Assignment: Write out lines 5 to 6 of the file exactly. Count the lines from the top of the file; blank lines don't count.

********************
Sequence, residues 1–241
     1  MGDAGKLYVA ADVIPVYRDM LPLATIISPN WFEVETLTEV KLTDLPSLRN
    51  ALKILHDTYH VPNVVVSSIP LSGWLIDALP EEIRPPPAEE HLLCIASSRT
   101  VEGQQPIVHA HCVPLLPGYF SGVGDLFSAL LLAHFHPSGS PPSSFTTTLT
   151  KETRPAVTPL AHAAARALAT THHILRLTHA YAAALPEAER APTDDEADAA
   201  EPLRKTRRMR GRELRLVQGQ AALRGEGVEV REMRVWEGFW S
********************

   151  KETRPAVTPL AHAAARALAT THHILRLTHA YAAALPEAER APTDDEADAA
   201  EPLRKTRRMR GRELRLVQGQ AALRGEGVEV REMRVWEGFW S